CMI’s annual business sentiment survey

The CMI Australian Business Climate Survey surveys attitudes of Australian business and industry annually to gauge views on international and domestic policy, carbon markets and pricing, and corporate climate risk, disclosure and strategy.

Now in its 9th year, the Australian Business Climate Survey provides the latest insights into Australian business leaders’ views toward climate policy, as well as the actions of the business community in leading the transition to net zero and beyond.

The 2022 edition

The 2022 Australian Climate Policy Survey was published on Wednesday 19th October, 2022.

To reflect what has been a transformational year in climate policy and business action domestically and globally, several new questions have been added to the Survey in 2022. These delve deeper into Australia’s climate ambition, perspectives on key reforms including the Safeguard Mechanism and ACCU Review, the impact and opportunities associated with Article 6 of the Paris Agreement, as well as the actions of the business community in leading the transition to net zero and beyond.

The survey was conducted electronically over a three-week period. It was sent to a wide database of senior executives and employees working for businesses with large emissions profiles, investors, carbon project developers, carbon market experts and professional service providers. We thank all respondents for participating.

Survey data reflects a broad market perspective and should not be attributed to the position of any single individual or organisation. 262 individuals filled in the survey, 60% of which were Senior Executives, C-Suite or Board members. 48% were CMI Members.

Previous survey reports

CMI’s 2021 Australian Climate Policy Survey reveals the starkest changes in data, when comparing year-on-year results, relate to future predictions of a higher 2030 carbon price, an increase in the number of companies factoring in a carbon price, and growing recognition in organisations at board and executive management levels of the material financial and strategic risks posed by climate change.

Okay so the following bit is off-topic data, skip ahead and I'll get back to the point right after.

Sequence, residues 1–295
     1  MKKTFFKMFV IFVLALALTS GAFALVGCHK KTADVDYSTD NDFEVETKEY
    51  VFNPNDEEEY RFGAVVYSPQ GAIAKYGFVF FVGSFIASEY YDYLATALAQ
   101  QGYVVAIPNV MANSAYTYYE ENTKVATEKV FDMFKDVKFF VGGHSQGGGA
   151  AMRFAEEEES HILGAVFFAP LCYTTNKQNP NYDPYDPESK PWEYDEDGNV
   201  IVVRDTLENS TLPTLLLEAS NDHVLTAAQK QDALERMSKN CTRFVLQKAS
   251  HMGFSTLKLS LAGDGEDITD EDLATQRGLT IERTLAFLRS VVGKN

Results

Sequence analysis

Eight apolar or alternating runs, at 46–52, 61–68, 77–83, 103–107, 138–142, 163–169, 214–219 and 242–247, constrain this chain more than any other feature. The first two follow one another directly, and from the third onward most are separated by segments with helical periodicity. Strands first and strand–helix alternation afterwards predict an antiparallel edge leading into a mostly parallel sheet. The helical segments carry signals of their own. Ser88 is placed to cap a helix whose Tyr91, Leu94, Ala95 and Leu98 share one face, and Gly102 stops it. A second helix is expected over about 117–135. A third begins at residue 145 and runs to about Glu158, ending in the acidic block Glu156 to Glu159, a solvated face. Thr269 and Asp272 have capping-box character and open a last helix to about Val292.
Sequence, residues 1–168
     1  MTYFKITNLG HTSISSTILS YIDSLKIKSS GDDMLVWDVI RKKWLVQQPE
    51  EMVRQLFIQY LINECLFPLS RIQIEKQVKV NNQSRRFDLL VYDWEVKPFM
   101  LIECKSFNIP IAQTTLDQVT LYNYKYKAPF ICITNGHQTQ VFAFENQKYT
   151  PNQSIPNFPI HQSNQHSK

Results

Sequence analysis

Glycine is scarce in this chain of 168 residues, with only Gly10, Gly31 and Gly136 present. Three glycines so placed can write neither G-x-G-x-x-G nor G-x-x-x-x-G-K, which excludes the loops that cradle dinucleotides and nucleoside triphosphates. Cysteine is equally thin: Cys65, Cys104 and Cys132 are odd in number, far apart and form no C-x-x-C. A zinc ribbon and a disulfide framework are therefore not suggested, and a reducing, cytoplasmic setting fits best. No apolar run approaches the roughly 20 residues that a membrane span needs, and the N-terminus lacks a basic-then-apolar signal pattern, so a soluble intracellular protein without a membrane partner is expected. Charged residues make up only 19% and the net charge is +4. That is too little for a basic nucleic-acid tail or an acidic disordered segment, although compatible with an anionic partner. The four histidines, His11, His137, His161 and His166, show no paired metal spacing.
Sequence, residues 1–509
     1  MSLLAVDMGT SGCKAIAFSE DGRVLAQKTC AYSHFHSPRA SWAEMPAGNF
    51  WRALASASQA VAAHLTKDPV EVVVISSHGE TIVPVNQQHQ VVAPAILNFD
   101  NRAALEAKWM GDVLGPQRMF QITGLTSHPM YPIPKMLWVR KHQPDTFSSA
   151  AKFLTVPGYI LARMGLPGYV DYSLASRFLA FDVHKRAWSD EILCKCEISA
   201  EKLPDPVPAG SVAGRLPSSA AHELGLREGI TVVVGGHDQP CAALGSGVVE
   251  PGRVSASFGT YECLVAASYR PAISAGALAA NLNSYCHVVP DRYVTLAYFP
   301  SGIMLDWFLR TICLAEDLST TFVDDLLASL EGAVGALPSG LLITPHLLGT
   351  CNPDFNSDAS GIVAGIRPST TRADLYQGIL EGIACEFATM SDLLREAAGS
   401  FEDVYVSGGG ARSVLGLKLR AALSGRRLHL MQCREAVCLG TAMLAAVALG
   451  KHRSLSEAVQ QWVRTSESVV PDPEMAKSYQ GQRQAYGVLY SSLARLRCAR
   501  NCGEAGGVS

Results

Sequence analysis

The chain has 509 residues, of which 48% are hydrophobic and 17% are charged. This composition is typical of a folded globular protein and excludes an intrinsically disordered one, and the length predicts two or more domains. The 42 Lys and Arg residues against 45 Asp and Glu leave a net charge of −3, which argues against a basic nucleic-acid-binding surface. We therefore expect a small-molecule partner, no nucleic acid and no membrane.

Results show that the vast majority of business respondents support net zero emissions by 2050 and stronger 2030 targets.

With most of Australia’s key trading partners already committed to net zero, and to 2030 cuts twice to three times as deep as Australia’s, concern about carbon border tariff adjustments is growing.

CMI’s 2020 Australian Climate Policy Survey reveals business sentiment is growing for Australia to set a nationwide net-zero emissions target by 2050. 88% of respondents believe Australia’s long-term strategy should include a target of net-zero emissions by 2050, in 2019 this was 83%.

There was a significant surge in concern about carbon border tariff adjustments from trading partners for Australia’s emissions intensive economy and exports, in 2019 this was at 70%, in 2020 this has jumped to 79%. Opposition to the use of the internationally and domestically controversial Kyoto carryover units also rose to 79%, from 76% in 2019.

Over three quarters, 76%, of respondents believe the Australian Government is not sufficiently integrating climate goals in its COVID recovery plans.

The Carbon Market Institute’s 2019 Australian Climate Policy Survey reveals widespread concern about the adequacy of current policy, with 94% of respondents indicating that Australia’s current policy suite is insufficient to support reductions to meet our initial 2030 Paris commitment, an increase from 92% in 2018.

Asked for the first time, 96% of respondents believe that the longer Australia delays decarbonisation, the more abrupt, forceful and disruptive the policy response will need to be, especially for carbon-intensive industries.

There is an opportunity to address this in 2020 with the Climate Change Authority reviewing Australia’s policy toolkit and the Government reviewing the operation of its Safeguard Mechanism and developing a technology roadmap as part of a Long-Term Strategy.